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Author Topic: National Elite Youth Development Programme  (Read 4062 times)

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Offline asylumseeker

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Re: National Elite Youth Development Programme
« Reply #30 on: February 18, 2018, 06:51:34 AM »
Was there a TTFA Media release that announced the naming of a National Elite General Programme Manager?
« Last Edit: February 18, 2018, 09:53:25 AM by asylumseeker »

Offline maxg

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Re: National Elite Youth Development Programme
« Reply #31 on: February 18, 2018, 02:01:50 PM »
Was there a TTFA Media release that announced the naming of a National Elite General Programme Manager?
Are you wondering, Who is, What qualifications, and Where acquired does the present guy have ? and/or When the job was posted ?

at least it's not a playback.. Fevrier, Anton, Shabazz, Charles, etc etc
which probably mean, he will soon be a scapegoat, or might move on due to unknow reasons.   :devil:
« Last Edit: February 18, 2018, 02:06:48 PM by maxg »

Offline asylumseeker

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Re: National Elite Youth Development Programme
« Reply #32 on: February 19, 2018, 12:00:51 PM »
Was there a TTFA Media release that announced the naming of a National Elite General Programme Manager?
Are you wondering, Who is, What qualifications, and Where acquired does the present guy have ? and/or When the job was posted ?

at least it's not a playback.. Fevrier, Anton, Shabazz, Charles, etc etc
which probably mean, he will soon be a scapegoat, or might move on due to unknow reasons.   :devil:

There's no secret that the federation is generally vulnerable to charges implicating a lack of transparency. However, at times, the federation appears to needlessly open itself to these claims based on what appears to be a culture of "doh say nutten, jes ride".

While in football it's common to surround oneself with people one trusts and whose work product one finds acceptable, barring advertisement of the position, how was the National Elite General Programme Manager selected? Whose role is it to select a person in that position? When did it occur?

I do know that the person in the role has had a working relationship with W Connection and this probably placed him in a position to have had the quality of his work evaluated previously. In the video above (and others) his statements are responsible, straightforward and reflect commitment to working effectively. I also hold the view that the person in the role has a preparation that should equip him to do the job. He has formative experiences in football. Nonetheless, it's reasonable to ask whether the position was announced, is it paid, of what duration, and under whose evaluation etc?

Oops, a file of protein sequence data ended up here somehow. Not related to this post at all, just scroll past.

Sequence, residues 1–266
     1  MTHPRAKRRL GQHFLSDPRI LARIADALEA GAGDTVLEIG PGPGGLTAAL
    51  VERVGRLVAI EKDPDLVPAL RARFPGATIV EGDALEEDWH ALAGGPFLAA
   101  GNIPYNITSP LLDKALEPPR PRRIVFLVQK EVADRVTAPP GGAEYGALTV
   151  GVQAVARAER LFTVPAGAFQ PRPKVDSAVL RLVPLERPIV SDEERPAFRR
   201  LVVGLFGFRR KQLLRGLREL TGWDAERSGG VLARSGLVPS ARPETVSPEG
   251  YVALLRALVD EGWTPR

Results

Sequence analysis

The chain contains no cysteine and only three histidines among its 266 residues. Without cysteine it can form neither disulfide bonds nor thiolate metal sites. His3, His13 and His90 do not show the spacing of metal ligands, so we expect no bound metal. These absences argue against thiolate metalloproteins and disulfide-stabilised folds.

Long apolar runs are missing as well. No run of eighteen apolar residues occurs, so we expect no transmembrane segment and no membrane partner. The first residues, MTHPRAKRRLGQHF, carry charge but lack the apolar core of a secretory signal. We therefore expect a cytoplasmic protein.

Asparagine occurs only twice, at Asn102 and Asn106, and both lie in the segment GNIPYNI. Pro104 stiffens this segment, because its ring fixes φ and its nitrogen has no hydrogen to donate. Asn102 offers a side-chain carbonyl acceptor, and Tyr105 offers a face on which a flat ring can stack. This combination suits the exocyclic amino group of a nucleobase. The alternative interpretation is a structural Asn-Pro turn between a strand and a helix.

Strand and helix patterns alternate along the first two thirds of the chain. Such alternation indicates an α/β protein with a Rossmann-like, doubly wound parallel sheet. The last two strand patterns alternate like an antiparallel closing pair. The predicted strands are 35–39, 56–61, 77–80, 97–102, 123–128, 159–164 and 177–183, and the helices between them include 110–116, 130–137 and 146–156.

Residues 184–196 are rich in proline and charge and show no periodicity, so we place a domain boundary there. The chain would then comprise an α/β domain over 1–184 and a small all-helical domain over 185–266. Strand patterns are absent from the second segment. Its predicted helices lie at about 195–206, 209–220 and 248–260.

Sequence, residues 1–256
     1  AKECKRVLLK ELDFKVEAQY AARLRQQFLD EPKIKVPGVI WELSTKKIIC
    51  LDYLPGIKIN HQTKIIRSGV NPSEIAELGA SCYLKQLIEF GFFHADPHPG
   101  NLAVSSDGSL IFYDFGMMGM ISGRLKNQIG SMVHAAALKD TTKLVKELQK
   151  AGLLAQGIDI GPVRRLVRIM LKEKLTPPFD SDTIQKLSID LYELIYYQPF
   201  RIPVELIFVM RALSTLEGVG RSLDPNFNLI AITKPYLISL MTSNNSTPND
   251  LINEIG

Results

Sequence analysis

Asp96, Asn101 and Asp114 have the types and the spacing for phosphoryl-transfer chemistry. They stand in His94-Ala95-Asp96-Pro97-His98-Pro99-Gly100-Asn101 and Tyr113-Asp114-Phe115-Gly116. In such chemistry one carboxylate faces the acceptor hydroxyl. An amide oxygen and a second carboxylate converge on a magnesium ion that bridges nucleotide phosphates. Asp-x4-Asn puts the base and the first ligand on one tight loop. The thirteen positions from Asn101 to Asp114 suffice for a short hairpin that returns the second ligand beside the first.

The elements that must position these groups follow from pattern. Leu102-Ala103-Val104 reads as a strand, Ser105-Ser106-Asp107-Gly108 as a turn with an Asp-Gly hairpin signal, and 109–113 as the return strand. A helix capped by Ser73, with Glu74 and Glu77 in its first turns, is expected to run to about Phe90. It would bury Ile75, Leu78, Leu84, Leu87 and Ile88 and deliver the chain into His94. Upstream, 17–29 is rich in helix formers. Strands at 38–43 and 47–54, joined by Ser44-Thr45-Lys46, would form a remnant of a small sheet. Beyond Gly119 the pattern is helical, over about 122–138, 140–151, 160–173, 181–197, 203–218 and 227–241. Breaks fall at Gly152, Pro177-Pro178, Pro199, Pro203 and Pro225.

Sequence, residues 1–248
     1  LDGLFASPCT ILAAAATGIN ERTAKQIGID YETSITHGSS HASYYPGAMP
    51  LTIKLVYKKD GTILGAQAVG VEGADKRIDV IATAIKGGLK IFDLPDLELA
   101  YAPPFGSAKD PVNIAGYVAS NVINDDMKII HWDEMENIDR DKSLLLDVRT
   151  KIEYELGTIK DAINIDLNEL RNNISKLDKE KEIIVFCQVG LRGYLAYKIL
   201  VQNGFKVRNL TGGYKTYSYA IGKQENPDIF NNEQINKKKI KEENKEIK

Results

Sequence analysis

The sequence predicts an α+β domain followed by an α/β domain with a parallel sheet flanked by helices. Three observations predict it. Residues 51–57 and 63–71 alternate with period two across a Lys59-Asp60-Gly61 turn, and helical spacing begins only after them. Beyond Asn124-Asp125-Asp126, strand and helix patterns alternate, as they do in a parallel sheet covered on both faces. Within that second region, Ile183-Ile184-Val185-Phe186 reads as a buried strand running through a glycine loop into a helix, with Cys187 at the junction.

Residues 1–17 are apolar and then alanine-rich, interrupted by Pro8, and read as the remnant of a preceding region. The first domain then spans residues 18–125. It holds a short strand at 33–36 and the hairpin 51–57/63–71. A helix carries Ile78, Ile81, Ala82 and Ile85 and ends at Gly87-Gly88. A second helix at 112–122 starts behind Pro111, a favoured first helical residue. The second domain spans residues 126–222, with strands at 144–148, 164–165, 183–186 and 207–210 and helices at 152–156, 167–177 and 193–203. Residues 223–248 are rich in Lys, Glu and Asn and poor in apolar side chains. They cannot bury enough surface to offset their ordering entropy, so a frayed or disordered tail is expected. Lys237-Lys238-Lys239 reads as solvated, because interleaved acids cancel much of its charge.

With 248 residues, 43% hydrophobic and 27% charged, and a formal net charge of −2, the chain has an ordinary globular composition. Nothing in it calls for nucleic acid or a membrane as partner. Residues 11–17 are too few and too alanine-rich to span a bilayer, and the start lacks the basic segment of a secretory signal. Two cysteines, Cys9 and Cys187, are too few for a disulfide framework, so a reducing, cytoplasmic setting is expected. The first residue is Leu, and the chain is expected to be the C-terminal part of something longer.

I don't want to invoke a nationalistic drum because I believe that the movement of professionals across CARICOM is a particularly "good thing" (especially in football), but Sam go bawl if he discovers that the person in the role has ties to St. Lucia.

And, Sam will no doubt recall that under this "federation" a coach born in T&T, who returned to T&T to engage in national elite development, has been reported as being treated with contempt.






« Last Edit: February 19, 2018, 06:40:35 PM by asylumseeker »

Offline Flex

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Re: National Elite Youth Development Programme
« Reply #33 on: February 20, 2018, 06:29:12 AM »
Fevrier offers update on T&T U-15’s progress; Connection staff dominate TTFA boys elite programme
By Lasana Liburd (Wired868).


Trinidad and Tobago Elite Under-14 programme head coach Stuart Charles-Fevrier told the TTFA Media that he is pleased with the response of his players so far, as they continue their preparations at the Ato Boldon Stadium in Couva.

At present, Fevrier oversees the development of 40 players under the NLCB programme, which started in 2017. His squad will form Trinidad and Tobago’s National Under-15 Team for the CONCACAF 2019 Championship.

Fevrier, the W Connection head coach and Soca Warriors assistant coach, leads an Under-14 staff made up almost entirely of current or past Connection employees. He is assisted by Connection youth coaches Leonson Lewis and Clyde Leon as well as goalkeeper coach Aquelius Sylvester, medic Troy Boodoosingh, team manager Wesley Webb and general manager Gary St Rose.

Trinidad and Tobago Football Association (TTFA) president David John-Williams is also the owner of W Connection and the selection of the youth team staff caused consternation among coaches from more successful local youth clubs like San Juan Jabloteh.